• Hey PDX, thanks for pointing this out. Obviously I’ve been more focused on skiing corn than keeping my semantics straight. Sorry Ben Franklin.

  2. Nice thesis and defense! (Even with the DST faux pas – and yes I spelled faux pas right the 1st time – but I did have to check because I’m now afraid of getting corrected on the web ; )

  3. Corn is fun to ski, but does anybody know where to find the “on” switch on a chairlift? I’ve looked everywhere.

    • Come out to Bachelor. The lifts run through May and the backside has some of the best corn you will ever see without touring.

  4. Have to take the stand powder skiing is still top shelf.
    Point 1, being warm. I like the attitude from a comment by an Arctic explorer some years ago, ‘I like the cold but I don’t like being cold’. There is plenty of gear to accomplish this and it also helps keep the traffic down.
    Point 2. No question, especially after a year in the West like this one.
    3. Time change, not a big deal. But safety is. Often, you still need to head out early to avoid the snow moving. Usually they are big slow sloughs but when they happen you don’t want the cutter setting them off.
    4. & 5. Not much traffic in the back country or out the end of a traverse you cut in area. Hard to beat keeping your interest up with a day like yesterday at Snowbird. It may have only been 5″ of new snow reported but the water content is a better measure of drag or how soft it is and it was good on that day. Very few tracks crossed all morning but once the sun came out the untracked snow became glue like. February, March and in the storm clouds April are better.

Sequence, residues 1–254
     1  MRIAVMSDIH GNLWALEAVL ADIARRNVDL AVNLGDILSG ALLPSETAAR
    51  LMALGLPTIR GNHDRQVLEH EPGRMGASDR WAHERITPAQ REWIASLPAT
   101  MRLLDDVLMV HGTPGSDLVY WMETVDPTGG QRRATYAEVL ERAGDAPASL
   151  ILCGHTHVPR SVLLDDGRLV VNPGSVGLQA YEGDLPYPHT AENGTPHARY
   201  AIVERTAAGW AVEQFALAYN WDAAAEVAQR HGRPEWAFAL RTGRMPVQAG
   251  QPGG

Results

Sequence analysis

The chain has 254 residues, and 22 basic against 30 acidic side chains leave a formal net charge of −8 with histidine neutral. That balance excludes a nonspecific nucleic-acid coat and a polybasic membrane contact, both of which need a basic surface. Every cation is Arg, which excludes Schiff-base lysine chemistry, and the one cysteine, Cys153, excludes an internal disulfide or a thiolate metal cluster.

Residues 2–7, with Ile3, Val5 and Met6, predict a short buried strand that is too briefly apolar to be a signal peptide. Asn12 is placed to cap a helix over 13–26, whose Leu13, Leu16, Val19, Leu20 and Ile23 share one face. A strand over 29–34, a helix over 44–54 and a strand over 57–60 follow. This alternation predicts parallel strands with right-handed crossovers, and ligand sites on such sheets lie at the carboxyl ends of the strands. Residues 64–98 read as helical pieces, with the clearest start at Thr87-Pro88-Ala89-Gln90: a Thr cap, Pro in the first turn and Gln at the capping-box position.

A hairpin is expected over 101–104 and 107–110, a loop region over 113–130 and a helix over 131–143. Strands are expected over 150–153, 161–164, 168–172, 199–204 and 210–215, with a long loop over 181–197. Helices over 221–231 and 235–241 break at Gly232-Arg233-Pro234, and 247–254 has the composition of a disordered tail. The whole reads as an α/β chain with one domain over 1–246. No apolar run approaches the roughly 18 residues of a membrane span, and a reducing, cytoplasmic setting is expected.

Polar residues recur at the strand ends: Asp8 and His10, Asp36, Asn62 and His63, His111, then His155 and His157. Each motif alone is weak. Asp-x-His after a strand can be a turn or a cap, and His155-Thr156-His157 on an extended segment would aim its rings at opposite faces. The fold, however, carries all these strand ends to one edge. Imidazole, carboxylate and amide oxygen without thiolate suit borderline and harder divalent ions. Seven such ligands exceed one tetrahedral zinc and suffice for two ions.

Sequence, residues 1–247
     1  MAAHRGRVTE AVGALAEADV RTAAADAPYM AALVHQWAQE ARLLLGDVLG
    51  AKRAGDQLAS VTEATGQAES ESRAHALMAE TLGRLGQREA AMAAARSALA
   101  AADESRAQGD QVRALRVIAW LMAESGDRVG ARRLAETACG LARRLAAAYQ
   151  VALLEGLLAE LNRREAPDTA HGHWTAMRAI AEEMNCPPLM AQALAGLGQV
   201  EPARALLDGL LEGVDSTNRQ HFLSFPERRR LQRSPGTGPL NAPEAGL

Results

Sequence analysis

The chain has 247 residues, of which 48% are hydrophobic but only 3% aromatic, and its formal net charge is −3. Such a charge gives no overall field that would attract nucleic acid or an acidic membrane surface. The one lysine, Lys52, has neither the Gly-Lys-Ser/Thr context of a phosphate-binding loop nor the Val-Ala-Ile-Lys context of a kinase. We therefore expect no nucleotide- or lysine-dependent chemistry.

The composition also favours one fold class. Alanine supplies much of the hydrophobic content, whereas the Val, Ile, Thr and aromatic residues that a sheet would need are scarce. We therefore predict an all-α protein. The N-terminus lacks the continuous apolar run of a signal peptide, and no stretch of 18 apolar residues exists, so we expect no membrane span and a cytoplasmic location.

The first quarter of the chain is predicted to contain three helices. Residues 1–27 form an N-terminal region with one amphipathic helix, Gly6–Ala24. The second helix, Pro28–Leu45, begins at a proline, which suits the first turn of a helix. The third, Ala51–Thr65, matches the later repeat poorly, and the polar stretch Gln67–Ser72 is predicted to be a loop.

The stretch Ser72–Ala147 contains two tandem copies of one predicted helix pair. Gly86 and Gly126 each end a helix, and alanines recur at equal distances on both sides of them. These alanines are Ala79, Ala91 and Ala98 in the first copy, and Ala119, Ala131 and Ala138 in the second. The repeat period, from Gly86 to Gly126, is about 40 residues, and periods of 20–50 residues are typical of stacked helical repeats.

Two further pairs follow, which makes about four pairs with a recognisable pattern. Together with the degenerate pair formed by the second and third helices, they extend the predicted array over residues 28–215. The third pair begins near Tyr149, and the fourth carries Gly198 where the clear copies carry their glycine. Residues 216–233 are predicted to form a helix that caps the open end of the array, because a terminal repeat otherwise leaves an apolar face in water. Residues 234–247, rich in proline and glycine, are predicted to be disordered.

5. I’m old. I live in Colorado, ski on weekdays and ride lifts, mostly at Mary Jane. I love winter. We don’t have that many brutally cold days. When we do, I stay home. Arcteryx shell and bibs with a nanopuffy most of the time and a warm fleece when it is cold. In the winter you get on the lifts at 9:00 AM and ski till you’re tired. In the springtime the window is around 10:30-1:30, maybe. You get on the lifts too early and its frozen slush so rough your fillings fall out. Stay out too late and the runouts gets so grabby you can’t get back to the lifts. I’ve had one good day of real corn snow in the last few years. What do you like best? Powder or mash potatoes? Packed powder bumps all day or a couple of good runs in the slush? Hard pack is fast and sharp skis make it fun too. Though springtime lunch in a T-Shirt is nice.

  6. just here to praise the corn i have been convinced of the supreme delight of skiing corn since i began skiing. before i was a skier(i came to the game late : nearly 40 when i really got into it), “summer skiing ” made no sense. now ? not ripping and sipping on volcanoes in the PNW primetime makes no sense ! i raise a toast to all those who hang up their skis in march : god bless you for staying home !

  7. I totally agree, spring skiing is the best. Here in the PNW we get to ski late into the spring and early summer.
    We just had 3 great days of skiing at Alpental to close out the season. I am hoping to get down to Bachelor to do some spring skiing before they close, or at least to Hood for a day or two.
    For a really fun day, climb up to Camp Muir on Rainier and then ski down either Nisqually Chute or the Paradise glacier.